Axonal Injury, Cerebral Contusions on MRI Are Associated With Poorer Functional Outcome in CT-Negative TBI
By Nancy Melville
VIRTUAL -- August 27, 2021 -- The presence of diffuse axonal injury and contusion on MRI among patients with acute traumatic brain injury (TBI) who otherwise test negative on initial head CT can be an important indicator of poorer functional outcomes after 6 months, according to a study presented at the Virtual 2021 American Association of Neurological Surgeons (AANS).
“In this cohort of patients with acute TBI with negative head CTs, the presence of diffuse axonal injury and/or contusions on MRI was associated with poorer 6-month functional outcome, [such as] being unable to return to baseline work capacity, or worse,” said John K. Yue, MD, University of California at San Francisco, San Francisco, California. “MRI may be a more sensitive assessment tool for predicting persistent functional disability.”
For the prospective Transforming Research and Clinical Knowledge in Traumatic Brain Injury Pilot (TRACK-TBI Pilot) study, the authors assessed prospective data on 110 patients (mean age, 36.8 years) who had presented to an emergency department within 24 hours of TBI and received negative head CT. The patients had also received study-specific MRI evaluation within 16 days of injury and completed the 6-month Glasgow Outcome Scale-Extended (GOSE) score.
Among the patients, 28% had positive findings on MRI, including 18% with traumatic axonal injury, 4% with diffuse axonal injury only, 3% with subdural hematoma only, 2% had traumatic axonal injury plus contusion, 2% had diffuse axonal injury plus contusion plus subdural hematoma, and 1% had contusion only. Of the patients, 40% were admitted to hospital, with no difference according to whether they had negative or positive MRI findings.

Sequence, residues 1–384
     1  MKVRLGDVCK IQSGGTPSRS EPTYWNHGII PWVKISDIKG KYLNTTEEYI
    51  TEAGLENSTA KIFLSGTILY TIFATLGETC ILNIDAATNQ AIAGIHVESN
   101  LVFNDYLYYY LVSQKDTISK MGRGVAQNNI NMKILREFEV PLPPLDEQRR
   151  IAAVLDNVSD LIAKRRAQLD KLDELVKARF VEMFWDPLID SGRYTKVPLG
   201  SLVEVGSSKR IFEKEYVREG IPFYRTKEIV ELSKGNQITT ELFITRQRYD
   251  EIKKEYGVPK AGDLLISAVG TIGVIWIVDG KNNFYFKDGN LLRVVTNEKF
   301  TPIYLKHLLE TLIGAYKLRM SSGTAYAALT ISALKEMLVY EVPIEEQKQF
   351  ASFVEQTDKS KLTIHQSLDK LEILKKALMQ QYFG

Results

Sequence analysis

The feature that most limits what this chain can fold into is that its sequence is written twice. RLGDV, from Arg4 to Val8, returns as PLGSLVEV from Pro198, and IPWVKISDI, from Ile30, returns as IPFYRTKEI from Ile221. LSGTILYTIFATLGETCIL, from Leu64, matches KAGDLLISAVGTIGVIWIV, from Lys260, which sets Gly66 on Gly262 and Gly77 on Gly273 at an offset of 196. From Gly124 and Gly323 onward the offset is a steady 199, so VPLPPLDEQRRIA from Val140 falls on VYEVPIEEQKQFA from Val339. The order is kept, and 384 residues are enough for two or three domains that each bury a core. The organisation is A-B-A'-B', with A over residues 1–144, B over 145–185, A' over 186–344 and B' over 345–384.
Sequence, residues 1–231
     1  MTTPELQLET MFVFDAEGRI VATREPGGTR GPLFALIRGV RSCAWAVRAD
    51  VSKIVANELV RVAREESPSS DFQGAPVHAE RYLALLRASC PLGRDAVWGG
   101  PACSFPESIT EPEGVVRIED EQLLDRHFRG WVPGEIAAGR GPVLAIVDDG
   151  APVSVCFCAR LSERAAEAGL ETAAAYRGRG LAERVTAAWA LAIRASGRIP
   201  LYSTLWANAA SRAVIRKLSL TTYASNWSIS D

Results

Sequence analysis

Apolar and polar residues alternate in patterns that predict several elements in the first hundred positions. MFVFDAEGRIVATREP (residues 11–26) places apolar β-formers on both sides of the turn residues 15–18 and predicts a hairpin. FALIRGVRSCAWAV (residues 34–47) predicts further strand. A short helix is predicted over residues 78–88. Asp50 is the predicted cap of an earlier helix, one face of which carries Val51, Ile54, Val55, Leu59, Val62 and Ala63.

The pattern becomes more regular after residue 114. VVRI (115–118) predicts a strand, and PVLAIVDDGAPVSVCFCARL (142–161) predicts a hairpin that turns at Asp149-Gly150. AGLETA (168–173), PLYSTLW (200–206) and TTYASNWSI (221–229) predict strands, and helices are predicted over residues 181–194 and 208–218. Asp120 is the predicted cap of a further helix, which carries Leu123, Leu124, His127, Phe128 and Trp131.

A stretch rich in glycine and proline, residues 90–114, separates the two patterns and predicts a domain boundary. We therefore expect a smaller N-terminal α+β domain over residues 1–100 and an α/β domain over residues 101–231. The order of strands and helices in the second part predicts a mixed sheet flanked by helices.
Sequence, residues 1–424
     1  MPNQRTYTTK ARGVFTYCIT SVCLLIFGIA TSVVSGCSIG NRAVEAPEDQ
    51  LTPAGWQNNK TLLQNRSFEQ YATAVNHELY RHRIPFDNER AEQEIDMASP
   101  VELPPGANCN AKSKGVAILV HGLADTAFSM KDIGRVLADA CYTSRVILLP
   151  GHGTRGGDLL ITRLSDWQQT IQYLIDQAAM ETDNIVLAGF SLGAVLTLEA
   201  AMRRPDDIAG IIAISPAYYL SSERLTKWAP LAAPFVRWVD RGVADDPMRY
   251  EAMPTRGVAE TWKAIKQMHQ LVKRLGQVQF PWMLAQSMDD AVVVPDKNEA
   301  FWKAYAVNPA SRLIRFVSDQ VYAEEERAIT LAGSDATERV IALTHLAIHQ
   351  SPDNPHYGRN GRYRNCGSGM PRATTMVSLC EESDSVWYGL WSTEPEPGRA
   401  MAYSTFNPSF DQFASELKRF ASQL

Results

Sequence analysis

At the 6-month follow-up, 32% of the patients had moderate disability or worse, with a GOSE score
However, a subgroup analysis showed that as many as 80% of those with diffuse axonal injury had a GOSE score
Those with combined diffuse axonal injury and contusion were more likely to have GOSE of ≤6 compared with those without the combination (67% vs 28%).
“There exists a subset of TBI patients who may benefit from triage to subacute MRI,” said Dr. Yue. “If positive, especially for contusions and diffuse axonal injury, this subset of patients may qualify for triage to specialist follow-up and/or concussion clinics for additional therapy.”
[Presentation title: Diffuse Axonal Injury and Cerebral Contusions on MRI Are Associated With Poorer Functional Outcome in CT-Negative TBI]